IIHS Standards Push Automakers To Eliminate Low-Quality Headlights

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Automotive Editor

Based out of the Washington, D.C. area, Joel Patel is an automotive journalist that hails from Northern Virginia. His work has been featured on various automotive outlets, including Autoweek, Digital Trends, and Autoblog. When not writing about cars, Joel enjoys trying new foods, wrenching on his car, and watching horror movies. 

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, Automotive Editor - December 16, 2020

Last year, the Insurance Institute for Highway Safety (IIHS) made one crucial change to its tests for vehicles to earn one of its awards. For 2020, vehicles must have “Acceptable” or “Good” rated headlights as standard to be named a Top Safety Pick+ and have headlights that earn one of those ratings to be named a Top Safety Pick. It was a large change, which resulted in a lot of models losing their awards for the new model year. The change, though, also forced automakers to fit their vehicles with better headlights, which is a great thing for shoppers.

According to the IIHS, at least 10 automakers have improved the headlights in their vehicles for the 2021 model year. Improvements have come in the form of eliminating headlights that were found to be inferior or modifying them to perform better. The institute believes that its Top Safety Pick+ award is what’s driving automakers to improve their headlights.

The IIHS claims that 85 out of 185 vehicles it tested were available with “Good” rated headlights. Only eight of those models came with headlights that earned the institute’s highest rating as standard. A total of 42 cars from the 2020 model year came exclusively with “Good” or “Acceptable” rated headlights.

Unfortunately, for consumers, the push from automakers to offer better headlights has resulted in large price increases over entry-level trims. Taking a look at the 2020 Mazda3 as an example, the compact vehicle is available with “Good” rated headlights, but only on the range-topping Premium trim. The Mazda3 Premium costs $27,795 with destination, which is a large step up from the Mazda3 2.0 that costs $21,445.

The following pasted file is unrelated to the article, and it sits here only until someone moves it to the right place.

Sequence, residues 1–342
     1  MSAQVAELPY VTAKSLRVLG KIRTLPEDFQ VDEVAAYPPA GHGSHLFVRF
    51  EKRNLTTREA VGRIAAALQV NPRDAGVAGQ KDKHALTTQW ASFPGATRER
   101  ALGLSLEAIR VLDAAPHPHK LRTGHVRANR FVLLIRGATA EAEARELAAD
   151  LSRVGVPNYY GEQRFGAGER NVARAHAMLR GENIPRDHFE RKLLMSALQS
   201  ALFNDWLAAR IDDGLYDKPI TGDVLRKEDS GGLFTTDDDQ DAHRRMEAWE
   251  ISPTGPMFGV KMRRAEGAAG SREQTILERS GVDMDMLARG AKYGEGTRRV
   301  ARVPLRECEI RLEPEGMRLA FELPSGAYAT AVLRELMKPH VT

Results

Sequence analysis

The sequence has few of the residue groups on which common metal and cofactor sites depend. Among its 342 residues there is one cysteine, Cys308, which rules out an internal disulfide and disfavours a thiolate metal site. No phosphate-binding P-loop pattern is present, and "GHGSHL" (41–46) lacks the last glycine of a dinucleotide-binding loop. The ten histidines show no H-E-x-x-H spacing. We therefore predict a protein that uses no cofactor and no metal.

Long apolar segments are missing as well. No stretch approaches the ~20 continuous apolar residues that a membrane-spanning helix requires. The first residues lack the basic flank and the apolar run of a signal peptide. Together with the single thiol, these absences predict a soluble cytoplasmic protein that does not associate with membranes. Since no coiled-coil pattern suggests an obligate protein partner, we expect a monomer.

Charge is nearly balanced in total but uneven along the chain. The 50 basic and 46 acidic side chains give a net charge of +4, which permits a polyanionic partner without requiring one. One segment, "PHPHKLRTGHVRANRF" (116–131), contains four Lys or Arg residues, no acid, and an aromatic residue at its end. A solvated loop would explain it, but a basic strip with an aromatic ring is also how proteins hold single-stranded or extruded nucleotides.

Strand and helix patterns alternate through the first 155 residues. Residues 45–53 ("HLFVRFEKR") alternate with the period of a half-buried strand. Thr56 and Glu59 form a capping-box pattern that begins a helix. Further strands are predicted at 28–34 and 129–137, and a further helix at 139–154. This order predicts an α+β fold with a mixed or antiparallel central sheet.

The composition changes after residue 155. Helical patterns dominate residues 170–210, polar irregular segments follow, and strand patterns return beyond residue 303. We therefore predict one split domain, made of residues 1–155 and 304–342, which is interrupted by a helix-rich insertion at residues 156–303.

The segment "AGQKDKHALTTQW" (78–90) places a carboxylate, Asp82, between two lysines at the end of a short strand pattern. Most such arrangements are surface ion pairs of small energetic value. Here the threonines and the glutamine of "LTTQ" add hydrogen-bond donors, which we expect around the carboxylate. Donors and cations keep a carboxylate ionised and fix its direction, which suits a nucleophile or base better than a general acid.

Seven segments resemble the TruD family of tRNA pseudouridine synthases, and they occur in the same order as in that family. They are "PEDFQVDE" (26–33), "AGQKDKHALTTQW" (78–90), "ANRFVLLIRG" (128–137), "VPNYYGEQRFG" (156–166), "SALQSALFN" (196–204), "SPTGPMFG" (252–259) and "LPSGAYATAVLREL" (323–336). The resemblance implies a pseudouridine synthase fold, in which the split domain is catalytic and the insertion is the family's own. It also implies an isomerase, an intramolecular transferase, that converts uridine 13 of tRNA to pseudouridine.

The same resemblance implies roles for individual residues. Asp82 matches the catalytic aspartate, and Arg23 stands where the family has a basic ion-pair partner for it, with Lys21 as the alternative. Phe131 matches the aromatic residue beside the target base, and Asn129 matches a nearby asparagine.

Subaru Ascent

There is some good news, as the IIHS states that a lot of automakers are moving toward only offering one headlight throughout an entire lineup. One set of “Good” or “Acceptable” rated headlights would make things much easier for consumers. Instead of worrying about upgrading to the proper trim level to get the headlights, being able to purchase the base model with them simplifies the buying process. Offering one set of headlights should also simplify things for automakers, too, since they won’t have to spend time and money designing and manufacturing multiple headlights.

Fortunately, fitting entry-level trims with better headlights won't cause prices to go up all that much. As the IIHS points out, Acura updated the RDX’s headlights for the 2021 to ensure ones that earned a rating of “Good” are standard for the new model year, despite the vehicle earning a Top Safety Pick+ award for 2020. Without any major changes beyond the new headlights, pricing for the 2021 RDX has only gone up by $400. It’s a similar story for the 2021 Hyundai Palisade, which now comes with “Good” rated headlights as standard for a $585 increase in pricing.

While automakers can fit their vehicles with better headlights and get rid of ones that didn’t perform well in the IIHS’ tests, they still have to ensure the vehicle meets the other criteria. The 2021 BMW 5-Series comes with “Good” rated headlights, but fails to earn an award because its pedestrian crash avoidance system has not been tested yet. For an automaker like BMW, which currently only has one vehicle to earn an award from the IIHS, it’s certainly not a good thing to see other brands win awards while its vehicles linger back without one.

So far, the IIHS claims that 10 models have gone from being Top Safety Pick vehicles to Top Safety Pick+ vehicles by eliminating or updating their headlights. These vehicles include the Audi A7, Honda Accord, Hyundai Palisade, Mazda CX-30, Nissan Altima, Subaru Ascent, Toyota Highlander, Volvo S60, Volvo XC40, and Volvo XC60.

In addition to having “Good” or “Acceptable” rated headlights, vehicles must also earn a rating of “Good” in all six of the institute’s crash tests and earn ratings of “Advanced” or “Superior” in vehicle-to-vehicle and vehicle-to-pedestrian front crash prevention tests to earn the IIHS' Top Safety Pick+ and Top Safety Pick awards.

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, Automotive Editor

Based out of the Washington, D.C. area, Joel Patel is an automotive journalist that hails from Northern Virginia. His work has been featured on various automotive outlets, including Autoweek, Digital Trends, and Autoblog. When not writing about cars, Joel enjoys trying new foods, wrenching on his car, and watching horror movies. 

Follow On: Twitter

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